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Testing The Paradigm Of An Ideal Glass Transition: Dynamics Of An Ultrastable Polymeric Glass

Testing The Paradigm Of An Ideal Glass Transition: Dynamics Of An Ultrastable Polymeric Glass
Greg McKenna, Horn Professor and the John R. Bradford Chair in the Department of Chemical Engineering in Texas Tech University's Edward E. Whitacre Jr. College of Engineering has published his paper, "Testing the Paradigm of an Ideal Glass Transition: Dynamics of an Ultra-stable Polymeric Glass," in the journal Science Advances. The paper's results go against longstanding theories.

"The work is actually challenging theories of the glass transition," McKenna said. "That's really important because if you're flying on an aeroplane, and the parts are made with polymer-based composites, you would like to be able to predict how long they are going to last and do it more effectively. To do so, you have to have correct theories of the materials you're using. It's really fundamental, but it also has applied issues involved."


To test the theory, McKenna and his former graduate student, Heedong Yoon, who graduated in May and is listed as the first author on the paper, discovered a material that acts as if it is hundreds of millions of years old, even though it is technically a new material.

"We discovered we could do a vapour deposition – a process in which a polymer material is forced into a vapour state and is condensed onto a substrate at a signature temperature, where chemical reaction or conversion takes place to form a solid material – in this case, an amorphous Teflon glass," McKenna said. "It turned out this glass was in a state like it'd been around for 100 million years. The challenge though was we made only a few, at most, micrograms, sometimes nanograms, of material. We wanted to test the dynamics of these materials, but how do we do this?"


The answer was found in a 2005 paper former Texas Tech chemical engineering professor Paul O'Connell and McKenna published in the journal Science.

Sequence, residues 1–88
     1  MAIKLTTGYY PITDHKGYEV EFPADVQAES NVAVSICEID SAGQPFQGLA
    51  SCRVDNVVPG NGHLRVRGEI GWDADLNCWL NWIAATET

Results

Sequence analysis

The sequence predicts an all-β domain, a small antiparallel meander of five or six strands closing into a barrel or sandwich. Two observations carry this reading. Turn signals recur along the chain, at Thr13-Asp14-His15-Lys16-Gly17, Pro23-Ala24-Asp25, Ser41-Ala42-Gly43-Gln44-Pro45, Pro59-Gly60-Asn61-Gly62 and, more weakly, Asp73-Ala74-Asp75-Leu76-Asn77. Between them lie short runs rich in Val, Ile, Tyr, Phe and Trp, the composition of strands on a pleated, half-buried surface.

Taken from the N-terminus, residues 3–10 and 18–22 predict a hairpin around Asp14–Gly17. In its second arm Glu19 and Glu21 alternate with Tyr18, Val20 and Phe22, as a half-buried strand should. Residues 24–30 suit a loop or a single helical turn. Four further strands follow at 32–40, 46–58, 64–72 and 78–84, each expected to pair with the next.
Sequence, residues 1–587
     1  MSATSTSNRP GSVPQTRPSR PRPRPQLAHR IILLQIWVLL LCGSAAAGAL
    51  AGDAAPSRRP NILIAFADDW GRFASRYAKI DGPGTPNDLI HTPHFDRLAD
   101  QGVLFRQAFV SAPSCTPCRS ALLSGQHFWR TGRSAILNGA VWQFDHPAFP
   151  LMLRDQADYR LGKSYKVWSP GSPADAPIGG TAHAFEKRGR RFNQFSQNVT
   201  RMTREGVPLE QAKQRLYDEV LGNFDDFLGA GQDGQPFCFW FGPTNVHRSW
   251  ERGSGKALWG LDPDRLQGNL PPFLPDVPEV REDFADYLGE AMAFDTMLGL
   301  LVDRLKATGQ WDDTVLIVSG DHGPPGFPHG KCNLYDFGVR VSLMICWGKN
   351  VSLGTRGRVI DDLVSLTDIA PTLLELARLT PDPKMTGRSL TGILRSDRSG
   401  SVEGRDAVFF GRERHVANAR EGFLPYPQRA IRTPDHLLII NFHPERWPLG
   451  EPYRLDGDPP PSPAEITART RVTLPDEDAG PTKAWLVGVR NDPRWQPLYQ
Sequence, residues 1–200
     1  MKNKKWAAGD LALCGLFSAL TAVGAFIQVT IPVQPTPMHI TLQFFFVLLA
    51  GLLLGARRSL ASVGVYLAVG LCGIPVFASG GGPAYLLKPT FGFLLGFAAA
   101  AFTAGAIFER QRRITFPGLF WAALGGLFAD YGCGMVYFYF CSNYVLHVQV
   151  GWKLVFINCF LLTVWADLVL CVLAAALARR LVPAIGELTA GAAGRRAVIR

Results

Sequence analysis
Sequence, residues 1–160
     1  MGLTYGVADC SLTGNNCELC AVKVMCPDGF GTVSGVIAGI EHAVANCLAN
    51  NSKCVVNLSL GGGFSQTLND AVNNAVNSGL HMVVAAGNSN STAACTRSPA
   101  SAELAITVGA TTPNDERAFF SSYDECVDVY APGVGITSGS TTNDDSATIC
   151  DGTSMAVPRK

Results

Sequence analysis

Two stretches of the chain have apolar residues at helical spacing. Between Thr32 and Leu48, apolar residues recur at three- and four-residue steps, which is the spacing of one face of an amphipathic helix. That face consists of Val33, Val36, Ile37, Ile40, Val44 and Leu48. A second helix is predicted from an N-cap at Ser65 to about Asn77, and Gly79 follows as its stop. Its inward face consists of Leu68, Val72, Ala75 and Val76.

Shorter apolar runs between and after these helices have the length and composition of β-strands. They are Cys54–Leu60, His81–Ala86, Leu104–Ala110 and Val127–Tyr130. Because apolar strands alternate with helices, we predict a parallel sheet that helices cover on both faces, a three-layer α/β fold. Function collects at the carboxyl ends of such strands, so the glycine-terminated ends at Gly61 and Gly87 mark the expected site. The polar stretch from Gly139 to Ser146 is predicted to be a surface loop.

"It turns out that, in 2005, we had done this research for another reason, to study materials at the nanoscale," McKenna said. "So we have a method called the Texas Tech Nanobubble Inflation Method, an experimental technique for measuring the viscoelastic properties of ultrathin polymer films. We were able to adapt that to test these nanogram quantities of material. What we discovered was we were able to characterize the viscoelastic response, or the dynamics of the material, all the way down to the Kauzmann temperature, or ideal glass temperature.

"We were able to show that the theories of the glass transition, which we say diverge, are wrong. These theories have been floating around since the 1920s. There are some people who really don't like our results because it goes against what has been common knowledge and also theorized for almost 100 years."


McKenna's findings could help people who make polymers better predict their behaviour in long-time applications.

"If engineers are going to be sophisticated in their designs of aircrafts and use of these materials for advanced applications, like going to Mars, then they really need to know how the polymers evolve with time," McKenna said. "If what we did is right, it means the polymers are evolving faster than people might think, and they really need to take that into account when they design materials for everything from microelectronics and automobiles to advanced spacecraft – whenever long-term performance is needed."




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